GROTON — Gail Chalmers didn’t expect to find a hand when she ripped away lathing and cardboard from a wall in an upstairs room. Nor did she expect that hand — a tracing made by a child in the 1920s — to link her home to a well-known Groton family.
“Ella Blood Sept. 24, 1925,” written in cursive, abuts a hand tracing marked “Ella’s Hand” in a penciled inscription on an exterior wall. On the lower board, something that looks like a flip-flop is drawn.
Gail and her husband, Dickie, have not figured out what the flip-flop shape might be, but identifying Ella Blood was not even a challenge.
The Bloods, the same family that has run a slaughterhouse in town for seven generations, built several homes along Pepperell Road in the 1920s. In 1926, they sold one to the Lindall family. Mrs. Lindall was born a Blood. In 1952, John and Martha Chalmers bought the house. Today, Dickie and Gail live in the home his grandparents bought.
Between the stories of Dickie’s family and friends and the work renovating the house, Gail, a Rochester, N.H. native, has become well-versed in West Groton lore. But she didn’t have to look too far to find someone with close ties to Ella Blood — it turned out her daughter lives right in the neighborhood.
Ella Blood was born April 17, 1918. She married and became a Gale in 1937. She died January 17, 2015 at the age of 91.
Ellen Risdon, born Ellen Gale, came equipped with a picture of Ella as a babe-in-arms held by her father Elliot Blood. Risdon is not sure, but the other men in the photo may be Ella’s grandfather and great-grandfather.
The old house came alive as the townies recalled days of yore while gathered around the dining room table. To be a townie, you must be born in town, Risdon said. Since there is no longer a hospital in Groton, there are no young townies.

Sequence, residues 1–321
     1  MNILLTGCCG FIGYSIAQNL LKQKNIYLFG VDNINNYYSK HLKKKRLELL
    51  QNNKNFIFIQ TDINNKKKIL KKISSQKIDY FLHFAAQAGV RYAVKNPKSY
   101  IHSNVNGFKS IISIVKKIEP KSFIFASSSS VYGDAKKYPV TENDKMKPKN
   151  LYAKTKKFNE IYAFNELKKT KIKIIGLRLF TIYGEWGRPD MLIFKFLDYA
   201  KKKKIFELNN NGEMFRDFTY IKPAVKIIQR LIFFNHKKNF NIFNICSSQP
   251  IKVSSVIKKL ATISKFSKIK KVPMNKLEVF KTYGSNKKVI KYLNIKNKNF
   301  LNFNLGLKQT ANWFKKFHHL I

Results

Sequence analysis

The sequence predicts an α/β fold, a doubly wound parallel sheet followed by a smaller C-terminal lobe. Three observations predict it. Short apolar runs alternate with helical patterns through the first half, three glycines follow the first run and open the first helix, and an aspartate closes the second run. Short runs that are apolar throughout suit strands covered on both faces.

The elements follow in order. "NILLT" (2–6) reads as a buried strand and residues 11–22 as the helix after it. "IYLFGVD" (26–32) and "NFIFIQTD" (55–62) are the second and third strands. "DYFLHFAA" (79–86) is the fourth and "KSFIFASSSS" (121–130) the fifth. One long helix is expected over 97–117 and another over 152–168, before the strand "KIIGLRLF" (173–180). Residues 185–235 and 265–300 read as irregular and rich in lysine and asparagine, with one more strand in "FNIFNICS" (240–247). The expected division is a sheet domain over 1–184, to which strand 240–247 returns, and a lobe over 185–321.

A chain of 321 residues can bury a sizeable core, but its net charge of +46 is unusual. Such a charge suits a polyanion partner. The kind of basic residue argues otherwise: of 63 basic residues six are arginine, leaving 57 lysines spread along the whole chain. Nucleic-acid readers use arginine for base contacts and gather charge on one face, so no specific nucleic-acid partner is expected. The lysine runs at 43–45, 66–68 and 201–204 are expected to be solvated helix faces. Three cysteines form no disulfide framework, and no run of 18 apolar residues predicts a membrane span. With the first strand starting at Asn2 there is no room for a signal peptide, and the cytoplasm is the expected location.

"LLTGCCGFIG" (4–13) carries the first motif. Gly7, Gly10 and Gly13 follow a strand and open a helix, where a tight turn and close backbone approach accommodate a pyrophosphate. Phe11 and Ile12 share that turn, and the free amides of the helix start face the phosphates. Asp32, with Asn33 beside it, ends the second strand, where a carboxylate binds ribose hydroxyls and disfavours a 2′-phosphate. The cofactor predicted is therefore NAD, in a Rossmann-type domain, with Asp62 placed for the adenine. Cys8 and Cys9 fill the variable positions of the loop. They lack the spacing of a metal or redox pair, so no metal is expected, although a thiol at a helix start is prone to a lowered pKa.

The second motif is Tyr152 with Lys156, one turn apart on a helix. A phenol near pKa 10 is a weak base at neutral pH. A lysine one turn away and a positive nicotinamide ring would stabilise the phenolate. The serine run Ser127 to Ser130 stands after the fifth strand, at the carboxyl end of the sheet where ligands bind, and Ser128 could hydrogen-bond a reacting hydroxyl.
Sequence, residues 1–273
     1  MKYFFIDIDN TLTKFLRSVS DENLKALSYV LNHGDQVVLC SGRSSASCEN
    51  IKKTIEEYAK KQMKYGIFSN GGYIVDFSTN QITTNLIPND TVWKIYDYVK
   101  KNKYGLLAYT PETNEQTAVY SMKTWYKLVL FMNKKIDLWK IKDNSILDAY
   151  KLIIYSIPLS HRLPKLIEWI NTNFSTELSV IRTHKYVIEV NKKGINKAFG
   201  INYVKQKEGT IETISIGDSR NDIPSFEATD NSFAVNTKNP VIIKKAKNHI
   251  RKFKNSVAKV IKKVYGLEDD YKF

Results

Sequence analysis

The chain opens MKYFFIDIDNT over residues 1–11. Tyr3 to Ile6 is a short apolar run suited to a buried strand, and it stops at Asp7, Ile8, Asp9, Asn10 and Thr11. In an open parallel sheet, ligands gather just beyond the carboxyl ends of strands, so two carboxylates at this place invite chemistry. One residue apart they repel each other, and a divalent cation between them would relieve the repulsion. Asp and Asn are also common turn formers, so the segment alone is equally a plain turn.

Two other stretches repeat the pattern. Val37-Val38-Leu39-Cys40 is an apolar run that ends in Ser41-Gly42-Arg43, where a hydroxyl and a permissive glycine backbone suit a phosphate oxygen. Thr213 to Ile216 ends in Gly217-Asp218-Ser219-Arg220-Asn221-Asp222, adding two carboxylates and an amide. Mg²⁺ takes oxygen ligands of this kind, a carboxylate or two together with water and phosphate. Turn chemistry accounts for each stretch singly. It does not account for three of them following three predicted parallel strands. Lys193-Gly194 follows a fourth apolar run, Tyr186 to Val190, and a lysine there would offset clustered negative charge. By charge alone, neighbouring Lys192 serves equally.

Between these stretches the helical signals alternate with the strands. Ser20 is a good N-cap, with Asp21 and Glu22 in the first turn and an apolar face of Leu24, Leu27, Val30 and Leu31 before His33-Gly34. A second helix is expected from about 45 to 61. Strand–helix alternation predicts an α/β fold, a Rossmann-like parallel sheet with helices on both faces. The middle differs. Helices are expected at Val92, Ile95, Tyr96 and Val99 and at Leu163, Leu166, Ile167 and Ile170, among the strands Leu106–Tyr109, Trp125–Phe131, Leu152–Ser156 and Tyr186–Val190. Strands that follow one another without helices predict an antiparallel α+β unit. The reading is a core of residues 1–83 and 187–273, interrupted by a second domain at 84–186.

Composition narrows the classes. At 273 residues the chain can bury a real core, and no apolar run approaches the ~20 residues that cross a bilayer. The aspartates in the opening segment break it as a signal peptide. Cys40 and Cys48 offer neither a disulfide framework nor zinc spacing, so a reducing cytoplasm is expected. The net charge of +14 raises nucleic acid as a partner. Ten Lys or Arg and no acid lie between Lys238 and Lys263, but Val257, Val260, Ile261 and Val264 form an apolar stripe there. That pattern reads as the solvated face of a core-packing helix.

The conversation ranged from Risdon talking about when a horse-drawn plow cleared the sidewalks to Dickie describing how the front yard of the house changed when the street was widened.
He also thinks the Lindall family was not tall. His theory is based on the furniture they left behind after they sold the house.
“A normal-sized person couldn’t sit under the table, because the table sits so low,” he said.
Gail was no stranger to their stories. “I’ve learned a lot,” she said. “His grandparents and Aunt Jane left me so much to appreciate for this town.”
“I came into this town three years ago,” she said.
“You fit,” Risdon replied.
As Gail uncovers old and interesting objects, she brings them to people who might be interested. “They’re just so grateful,”
Gail has already taken on a Chalmers family tradition. Aunt Jane was a volunteer at the Christian Union Church suppers and now Gail works at the meals. “There I am helping,” she said.
“The third Saturday of the month,” Dickie said.
The roast beef dinner is better than that served in restaurants, Risdon said.
Follow Anne O’Connor on Twitter and Tout @a1oconnor.